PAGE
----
SYMPTOMS
The larvae and Caterpillars feed on the host plants and damage can be seen on the foliage. The larvae of the Small White feed on the centre of plants on their own. The larvae of the Large White feed in colonies and can cause the most damage.

Photo from Google.

CONTROL
If like me you like to garden Organically there are a few things you can do -
* A layer of protective fleece or film can be laid over your crops creating a barrier preventing the adults laying their eggs. Obviously this is only effective before the pest has arrived.
* Pick off and remove Eggs, Larvae and Caterpillars once spotted.
* Encourage natural predators.

There is also Chemical control available.

* PLEASE NOTE - Try not to confuse the Cabbage White with a different Butterfly species.

TWO SPOTTED MITE
The Two Spotted Mite is also most commonly known as the Glasshouse Red Spider Mite and is a rather common pest. They are mostly found is Glasshouses / Greenhouses and can be quite a troublesome pest to plants under cover. This is a pest that I personally had a problem with earlier in the year.

Photo from RHS.

A LITTLE BIOLOGY 
The life cycle of a Two Spotted Mite depends on the temperature and can be between 3 - 30 days. The females lay the eggs on the underside of leaves which then hatch into 6 legged larvae. The females can become adults in as little as 36 hours and lay 4 - 8 eggs a day! Their colouring is most commonly red but they can also be a straw / green colour, the red colouring appears when they are starved. The mites can over winter on plants and in the cracks / walls of Greenhouses. 

SYMPTOMS
As the photograph above shows one of the easiest ways to spot them is by their webs. The webs are formed when there is a large amount of the mites.
Damage to foliage on plants is also an indicator of the mites presence as they suck the sap from plants.  Yellow speckled foliage which then leads to shrivelling and death of the leaf is common sign that the mites are present.

Photo from Google.

CONTROL
If like me you like to garden Organically there are a few things you can do -
* Maintaining good plant hygiene by removing any affected foliage straight away
* Keeping Greenhouse structures clean

There is also Chemical control available.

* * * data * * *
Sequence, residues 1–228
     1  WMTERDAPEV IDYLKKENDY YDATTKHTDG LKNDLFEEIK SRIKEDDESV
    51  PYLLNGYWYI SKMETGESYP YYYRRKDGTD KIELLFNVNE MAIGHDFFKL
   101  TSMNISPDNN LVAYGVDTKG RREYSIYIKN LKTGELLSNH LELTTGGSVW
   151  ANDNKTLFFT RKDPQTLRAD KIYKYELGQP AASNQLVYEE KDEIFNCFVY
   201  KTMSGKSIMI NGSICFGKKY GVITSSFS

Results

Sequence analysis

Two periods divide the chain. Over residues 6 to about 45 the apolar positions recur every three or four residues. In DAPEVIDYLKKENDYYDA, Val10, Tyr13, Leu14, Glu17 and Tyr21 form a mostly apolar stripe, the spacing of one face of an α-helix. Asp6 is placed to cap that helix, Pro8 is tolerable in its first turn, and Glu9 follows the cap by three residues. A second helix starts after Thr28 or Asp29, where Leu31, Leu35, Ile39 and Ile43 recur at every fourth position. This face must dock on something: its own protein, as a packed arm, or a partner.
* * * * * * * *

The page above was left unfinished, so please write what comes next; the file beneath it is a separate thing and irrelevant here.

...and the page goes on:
GLASSHOUSE WHITEFLY
As the name suggests this pest is most commonly found under glass, although they can be found on plants outside. If left untreated this pest can cause havoc to your plants and is pretty common in all of our gardens.

Photo from RHS.

A LITTLE BIOLOGY 
The Glasshouse Whitefly can breed continuously under cover, the eggs can develop into adults within 3 weeks, a little longer in the Winter. They prefer warm conditions which is why they are most prevalent under cover. 

SYMPTOMS
Damage from this pest to our plants is caused by their piercing mouthparts which withdraw large quantities of sap from plants. This causes mottling to the foliage, yellow discolouration and wilting. If the pest is left to breed and form large quantities the affected plants may be killed.
The pest can also produce a sticky substance on the host plant which can help us gardeners identify them.
Plants that are more susceptible than others are Tomatoes, Cucumbers, Primulas, Dahlia's, Chrysanthemums and Calceolaria (Ladys Purse).

Photo from Google.

CONTROL
If like me you like to garden Organically there are a few things you can do -
* Maintaining good plant hygiene by removing any affected foliage straight away
* Hanging Yellow Sticky Traps under glass - please note that this can however catch the good guys along with the pests.
* Constant checking of plants to remove the pest at first sight

* Biological control can be gained by the introduction of a parasitic wasp (these can be purchased via mail order) at first indication of the pest.

There is also Chemical control available.

RABBITS
To the non gardener these may not seem that problematic, however those that do garden know how much damage these balls of fluff can cause!
You may think that Rabbits only cause damage in gardens out in the countryside but 2 years ago my garden was visited by a rabbit and I live in a cul-de-sac situated within a town.


A LITTLE BIOLOGY 
The main breeding season for Rabbits is between January - May but they can be produced throughout the year. An average litter consists of between 3 - 6 young. Females can become pregnant again after just 1 day from giving birth and produce up to 5 litters a year. 
Rabbits often live together in colonies known as warrens. 

SYMPTOMS
Damage from this pest to our plants can be done to a wide range of plants. One of the most common signs that you have a problem with Rabbits is the damage they can cause to young Tree's, such as ring barking (see photo below). It's also worth noting that plants that aren't susceptible to Rabbits at maturity can be when they are at a young growing stage and eaten away.


Photo's from Google & RHS.

CONTROL
If like me you like to garden Organically there are a few things you can do -
* Young Tree's can be protected by using Tree Guards / Tree Shelters.
* Ensuring that valuable or young plants have physical barrier.

* Growing Plants known to be 'Rabbit Proof' such as -
Monksood - Acontium carmichaelii 'Kelmescott'
Lily - of - the - Valley Convallaria majalis
 Day Lily - Hemerocallis atrina
Michaelmas Daisy - Aster amellus 'King George'
                                     Aster cordifolius 'Silver Spray'

                                    Aster novi-belgii 'Royal Ruby'
Crane's Bills - Geranium himalayense
                                           Geranium endressi 'Wargrave Pink'
Japanese Anemone - Anemone hupehensis var. japonica